Operating Margin (98)............26.4%        11.0%
Net Margin (98)..................18.7%         9.6%

That is a great deal of numbers. It took over 90 minutes to compile. A good 10 minutes is required to read, compare, digest and ponder them. Print this page. Bring it to the kitchen table. Marvel over the numbers with your significant other. Convince him or her that you can see through these numbers to choose the best investment. (Hide this paragraph under your hand.) If you could decide which was better with these numbers, that'd be something to marvel at indeed. Which stock will outperform the other remains anyone's guess.

You'll notice that Pepsi has lower profitability ratios than Coca-Cola. Pepsi still had over $2 billion in sales from bottling operations in the first six months of this year, down from $3.3 billion last year. The trend, though, is pointing to higher profitability. In the second quarter of this year, Pepsi's margins were on the rise. Gross margin topped 59%, up from 58% in 1998, and operating margin topped 14%, up from 11% last year. Pepsi's average return on equity this year is also up, rising to 49% thus far from 35%.

If I had to choose, I'm inclined to side with Pepsi. This is based primarily on valuation, yield, and the recent growth -- or lack of growth -- in the companies' respective key businesses. The latest performance of management at each company is also significant. All three of Pepsi's divisions outperformed expectations last quarter and -- regarding the all-important long term -- Pepsi's refined business model seems to be gaining traction.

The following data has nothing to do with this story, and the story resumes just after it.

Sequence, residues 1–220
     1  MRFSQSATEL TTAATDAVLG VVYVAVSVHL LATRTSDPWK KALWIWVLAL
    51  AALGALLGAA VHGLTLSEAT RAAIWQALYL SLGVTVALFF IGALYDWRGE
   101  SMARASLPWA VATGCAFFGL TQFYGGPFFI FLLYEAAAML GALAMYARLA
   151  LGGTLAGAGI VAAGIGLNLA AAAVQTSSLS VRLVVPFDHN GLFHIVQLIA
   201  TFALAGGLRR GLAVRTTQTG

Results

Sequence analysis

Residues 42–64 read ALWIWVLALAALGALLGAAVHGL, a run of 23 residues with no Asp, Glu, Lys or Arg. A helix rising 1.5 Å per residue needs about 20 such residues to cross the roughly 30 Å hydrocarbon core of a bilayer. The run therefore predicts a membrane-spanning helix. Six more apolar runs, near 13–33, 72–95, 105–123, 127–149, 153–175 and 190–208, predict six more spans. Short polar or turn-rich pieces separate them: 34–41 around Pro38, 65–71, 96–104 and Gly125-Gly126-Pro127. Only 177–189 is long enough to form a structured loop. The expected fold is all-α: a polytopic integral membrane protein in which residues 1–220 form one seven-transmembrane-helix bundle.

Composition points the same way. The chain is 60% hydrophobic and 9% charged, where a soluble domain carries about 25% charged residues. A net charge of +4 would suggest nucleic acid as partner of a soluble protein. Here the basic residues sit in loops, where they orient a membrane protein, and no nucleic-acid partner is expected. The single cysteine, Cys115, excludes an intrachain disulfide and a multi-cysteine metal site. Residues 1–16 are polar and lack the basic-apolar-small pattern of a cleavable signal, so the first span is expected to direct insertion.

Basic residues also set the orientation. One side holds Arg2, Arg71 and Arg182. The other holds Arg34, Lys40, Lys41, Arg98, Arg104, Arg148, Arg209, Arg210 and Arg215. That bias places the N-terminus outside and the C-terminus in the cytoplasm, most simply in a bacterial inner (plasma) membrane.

Meanwhile, Coca-Cola is largely operating the same business that it was five years ago. The company had neck-snappin' traction (hitting on all cylinders, growing sales and improving profitability, etc.) in the late 1980s and early 1990s. The past four years, however, the engine has been cooling while waiting for another boost.

Both companies move to our Finalist List. When we get to that list, I'll initially be biased towards Pepsi. We have over a half-dozen other companies to consider first, however, beginning with The Big Gum Master, Wrigley (NYSE: WWY).

Before that, if you have more thoughts on Pepsi and Coke, please post them on the Drip Companies message board. Tomorrow will be a community-based column on the topic to the fullest extent possible. Fool on!

Drip Portfolio

8/18/99 Closing Numbers
 Ticker   Company   Dly Pr Chg   Price 
CPB  CAMPBELL SOUP                -13/16   $44.63
INTC  INTEL CORP                   -1/2   $78.50
JNJ  JOHNSON & JOHNSON            -2   $96.31
MEL  MELLON BANK CORP             -7/16   $33.69

  Day Week Month Year
To Date
Since
7/27/97
Annualized
DRiP -1.23% -1.02% 7.14% 12.77% 28.26% 12.85%
S&P 500 -.84% .39% .31% 8.43% 41.97% 18.56%
S&P 500(DA) -.83% .38% .30% 8.88% 44.60% 19.62%
S&P 500(DCA) n/a n/a n/a n/a 24.26% 11.12%
NASDAQ -.51% .86% .73% 21.21% 69.33% 29.15%

 Trade Date   # Shares   Ticker   Cost/Share   Price   LT % Val Chg 
  9/8/97  19.4789INTC    40.907  $78.50  91.90%
  11/14/97  9.076JNJ    76.563  $96.31  25.80%
  11/5/98  22.4534MEL    34.156  $33.69  -1.37%
  4/13/98  8.134CPB    54.638  $44.63  -18.33%

 Trade Date   # Shares   Ticker   Cost   Value   LT $ Val Ch 
  9/8/97  19.4789INTC    $796.82  $1,529.09  $732.28
  11/14/97  9.076JNJ    $694.89  $874.13  $179.25
  11/5/98  22.4534MEL    $766.91  $756.40  ($10.51)
  4/13/98  8.134CPB    $444.42  $362.98  ($81.44)
  Cash: $24.33  
  Total: $3,546.94  


Key
• S&P 500 (DA) = dividend adjusted. Dividends have been added to the total return of the index.

Note
Drip Port launched with $500 on July 28, 1997, adds $100 to invest every month, and the goal is to own $150,000 in stock by August of the year 2017. Due to the slow nature of dollar-cost-averaging and our relatively significant starting costs, we do not expect to seriously challenge the S&P 500 for the first three to five years as we build an investment base. The long-term advantages of dollar-cost-averaging still overcome the short-term disadvantages, however. Final note: our investment in Campbell Soup is frozen due to fees instituted in its investment plan. Click here for a history of all Drip Port transactions.